The Contradictions of the Reagan Democrat/Trump Base Embodied in a Super Bowl Quarterback
by Neil H. Buchanan
The Super Bowl teams are set, and although I recently wrote that, "[o]ver the course of my life, I have almost entirely lost interest in everything sports-related except college football," it seems that I picked exactly the right year to pay attention to the pro football playoffs again.
Everything that is wrong with American football in general is still very wrong, and the pro game is generally unwatchable because of excessive commercials and planned mediocrity -- Which 9-8 teams will be among the 44 percent of teams that make the playoffs?! -- but this year's playoff games included more "wows" than I can ever remember, which is even more impressive because we tend to embellish memories from our youthful days. Just two minutes at the end of one of the second-round playoff games was enough to give fans memories (even fans of the losing team) that will glow for years.
Sports cannot be separated from politics, of course. Colin Kaepernick, for example, was robbed of a career and tens of millions of dollars because he engaged in peaceful protest (and note that his former team lost this past Sunday because their quarterback was simply terrible). From the political angle, this was an excellent year because the obvious political bad guys all lost. Aaron Rodgers's year of deceptions and anti-vax activism ended with a humiliating loss at home to that offense-free 49ers team. Tom Brady (too many annoying items to list) lost at home as well.
And the Dallas Cowboys lost, too. Why are they on this list? They and their owner are, as far as I know, no more Trump-adjacent or awful than most NFL teams and owners, but they are still the Cowboys. If you don't love 'em, you hate 'em. I don't love 'em.
Here, I want to take a look at an issue that is more complicated than any individuals' public awfulness but that is very much political. And in this case, at least as far as I know, the main character is a good guy.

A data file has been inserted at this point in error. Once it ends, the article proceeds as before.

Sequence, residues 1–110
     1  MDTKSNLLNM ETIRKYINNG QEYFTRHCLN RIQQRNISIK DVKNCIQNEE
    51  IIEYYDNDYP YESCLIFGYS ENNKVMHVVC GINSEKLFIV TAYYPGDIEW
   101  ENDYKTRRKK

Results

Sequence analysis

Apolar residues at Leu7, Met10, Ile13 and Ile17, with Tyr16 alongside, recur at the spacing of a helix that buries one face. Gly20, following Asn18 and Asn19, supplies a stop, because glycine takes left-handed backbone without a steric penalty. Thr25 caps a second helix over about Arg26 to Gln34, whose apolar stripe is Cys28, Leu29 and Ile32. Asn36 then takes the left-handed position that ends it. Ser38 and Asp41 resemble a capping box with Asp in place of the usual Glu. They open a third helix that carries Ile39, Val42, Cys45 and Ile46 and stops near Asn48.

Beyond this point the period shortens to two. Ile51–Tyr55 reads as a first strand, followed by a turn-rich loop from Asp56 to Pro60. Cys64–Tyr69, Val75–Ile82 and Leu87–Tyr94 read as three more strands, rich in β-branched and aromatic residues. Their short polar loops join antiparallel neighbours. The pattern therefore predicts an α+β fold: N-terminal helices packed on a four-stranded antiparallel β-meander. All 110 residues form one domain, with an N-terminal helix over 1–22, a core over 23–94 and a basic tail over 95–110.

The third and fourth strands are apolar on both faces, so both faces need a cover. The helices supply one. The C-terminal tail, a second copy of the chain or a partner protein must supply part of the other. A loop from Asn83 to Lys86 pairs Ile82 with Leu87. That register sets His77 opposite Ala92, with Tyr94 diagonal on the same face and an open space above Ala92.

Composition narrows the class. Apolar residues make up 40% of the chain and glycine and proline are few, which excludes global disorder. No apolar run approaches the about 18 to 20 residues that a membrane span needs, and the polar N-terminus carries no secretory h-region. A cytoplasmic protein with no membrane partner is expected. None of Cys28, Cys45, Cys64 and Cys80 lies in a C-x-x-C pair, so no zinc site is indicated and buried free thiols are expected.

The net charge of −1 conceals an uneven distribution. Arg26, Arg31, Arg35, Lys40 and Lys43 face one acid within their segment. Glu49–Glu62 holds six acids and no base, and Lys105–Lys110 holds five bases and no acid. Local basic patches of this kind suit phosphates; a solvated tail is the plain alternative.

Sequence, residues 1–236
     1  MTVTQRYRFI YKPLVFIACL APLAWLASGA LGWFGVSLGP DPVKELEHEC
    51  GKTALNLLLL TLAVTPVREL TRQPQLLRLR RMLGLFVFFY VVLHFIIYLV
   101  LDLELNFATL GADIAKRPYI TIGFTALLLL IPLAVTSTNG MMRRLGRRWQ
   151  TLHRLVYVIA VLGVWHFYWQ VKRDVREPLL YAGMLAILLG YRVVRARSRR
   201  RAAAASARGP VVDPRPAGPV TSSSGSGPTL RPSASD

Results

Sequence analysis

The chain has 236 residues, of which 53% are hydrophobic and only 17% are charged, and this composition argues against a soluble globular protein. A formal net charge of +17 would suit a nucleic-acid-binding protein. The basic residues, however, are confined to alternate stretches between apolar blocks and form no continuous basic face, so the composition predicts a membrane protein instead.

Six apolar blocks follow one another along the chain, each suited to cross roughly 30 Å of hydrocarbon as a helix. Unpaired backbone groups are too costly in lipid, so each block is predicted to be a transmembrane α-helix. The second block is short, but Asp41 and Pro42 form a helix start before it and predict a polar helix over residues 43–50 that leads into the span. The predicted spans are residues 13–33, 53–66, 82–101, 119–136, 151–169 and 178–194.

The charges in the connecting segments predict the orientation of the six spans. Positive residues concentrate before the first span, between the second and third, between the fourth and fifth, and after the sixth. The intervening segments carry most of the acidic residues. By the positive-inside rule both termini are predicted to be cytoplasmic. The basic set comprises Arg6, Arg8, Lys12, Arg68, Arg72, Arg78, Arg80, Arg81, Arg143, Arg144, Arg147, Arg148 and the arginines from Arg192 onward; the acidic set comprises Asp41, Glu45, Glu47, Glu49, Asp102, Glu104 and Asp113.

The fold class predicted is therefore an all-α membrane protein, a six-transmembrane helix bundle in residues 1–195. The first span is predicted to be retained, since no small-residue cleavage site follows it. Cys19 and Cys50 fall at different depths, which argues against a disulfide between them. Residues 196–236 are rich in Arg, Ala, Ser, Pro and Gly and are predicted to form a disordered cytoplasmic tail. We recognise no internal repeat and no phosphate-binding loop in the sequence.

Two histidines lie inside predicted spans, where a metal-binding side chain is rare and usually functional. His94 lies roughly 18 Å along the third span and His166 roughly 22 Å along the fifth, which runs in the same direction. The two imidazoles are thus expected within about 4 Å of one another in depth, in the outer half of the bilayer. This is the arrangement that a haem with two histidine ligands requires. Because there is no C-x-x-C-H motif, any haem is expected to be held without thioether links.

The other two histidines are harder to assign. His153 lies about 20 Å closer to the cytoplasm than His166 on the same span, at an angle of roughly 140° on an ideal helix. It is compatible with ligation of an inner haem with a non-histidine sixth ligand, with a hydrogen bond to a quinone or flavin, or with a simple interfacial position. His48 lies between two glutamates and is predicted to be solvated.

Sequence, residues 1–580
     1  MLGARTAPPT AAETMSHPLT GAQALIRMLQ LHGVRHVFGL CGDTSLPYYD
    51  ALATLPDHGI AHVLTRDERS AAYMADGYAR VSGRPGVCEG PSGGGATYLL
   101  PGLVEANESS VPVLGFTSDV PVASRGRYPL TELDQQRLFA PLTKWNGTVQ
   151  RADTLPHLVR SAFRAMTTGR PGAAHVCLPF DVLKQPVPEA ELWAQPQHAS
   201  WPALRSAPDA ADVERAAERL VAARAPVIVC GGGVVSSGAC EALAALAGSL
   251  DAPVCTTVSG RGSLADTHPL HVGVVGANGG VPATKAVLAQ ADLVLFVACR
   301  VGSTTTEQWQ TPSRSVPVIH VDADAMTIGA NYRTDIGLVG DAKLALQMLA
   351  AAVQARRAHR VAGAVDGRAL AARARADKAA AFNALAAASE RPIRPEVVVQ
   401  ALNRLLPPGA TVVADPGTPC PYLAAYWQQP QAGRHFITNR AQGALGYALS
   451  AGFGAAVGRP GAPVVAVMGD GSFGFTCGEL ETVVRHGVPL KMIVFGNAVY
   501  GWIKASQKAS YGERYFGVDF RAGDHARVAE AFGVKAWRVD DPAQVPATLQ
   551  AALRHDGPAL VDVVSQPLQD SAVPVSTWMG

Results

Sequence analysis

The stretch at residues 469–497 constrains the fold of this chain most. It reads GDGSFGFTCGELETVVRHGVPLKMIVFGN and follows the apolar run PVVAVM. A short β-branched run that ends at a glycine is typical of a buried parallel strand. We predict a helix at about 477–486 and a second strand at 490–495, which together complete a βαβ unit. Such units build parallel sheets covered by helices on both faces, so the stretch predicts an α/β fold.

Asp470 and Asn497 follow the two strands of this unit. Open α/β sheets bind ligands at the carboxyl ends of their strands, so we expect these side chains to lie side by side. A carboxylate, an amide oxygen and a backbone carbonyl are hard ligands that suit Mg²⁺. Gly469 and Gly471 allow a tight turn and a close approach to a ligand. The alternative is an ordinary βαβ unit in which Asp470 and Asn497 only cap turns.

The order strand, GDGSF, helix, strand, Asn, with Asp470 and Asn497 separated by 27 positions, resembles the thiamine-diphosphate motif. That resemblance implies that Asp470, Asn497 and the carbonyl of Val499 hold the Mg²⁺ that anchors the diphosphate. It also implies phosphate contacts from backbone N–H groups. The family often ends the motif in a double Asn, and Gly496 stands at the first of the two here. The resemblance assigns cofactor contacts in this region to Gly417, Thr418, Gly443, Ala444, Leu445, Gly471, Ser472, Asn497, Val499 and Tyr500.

Very few people gave the Cincinnati Bengals much chance to make the big game, but their second-year quarterback Joe Burrow took them there with some spectacularly great leadership and execution. We are in the two-week period between the conference championship games and the Super Bowl, so those who are so inclined (a group to which I most definitely do not belong) will be able to read article after article about Burrow (and every other member of both teams, including water boys and van drivers). That will all be hagiography, of course.
Again, at this point I know of nothing that would make me cringe about rooting for Burrow. On the other hand, I would have said the same thing about Rodgers only six months ago. (This is hardly unique to football: see Kevin Spacey, Bill Cosby, Harvey Weinstein, and on and on. There was even a time when Anthony Weiner was thought of as a good guy.) That is a good reason not to go all in on a person, especially a very young person who will have every opportunity to flake out over the course of an extremely public life.
But whatever good or not-good happens regarding Burrow personally, he is already famous for having shined a spotlight on rural poverty. When he won college football's Heisman Trophy two years ago, his speech included an ad-libbed, quite moving statement about the kids from the town were he grew up, Athens, Ohio. As the first half of this Washington Post article from last week explained in insufficient but nonetheless aching detail, Athens is one of many suffering areas of this country, and Burrow's relationship with it is rather impressive.
I should note here that I grew up in Ohio. Most non-Ohioans, especially those from the coasts, never think about Ohio at all. Some are not even sure that Cleveland, Columbus, or Cincinnati are in the Buckeye State. (In an episode of "M*A*S*H," a character from New York City says: "Hey, I know stuff. Go ahead and ask me what's the capital of Cleveland.") Because most people cannot keep Ohio, Iowa, and Idaho straight, there is also a fair amount of this: "Oh, you're from Ohio? How many cows on your farm?" Most people have heard of Ohio State -- sorry, The Ohio State University (a re-branding that, even two decades on, still amuses) -- but only as a football factory.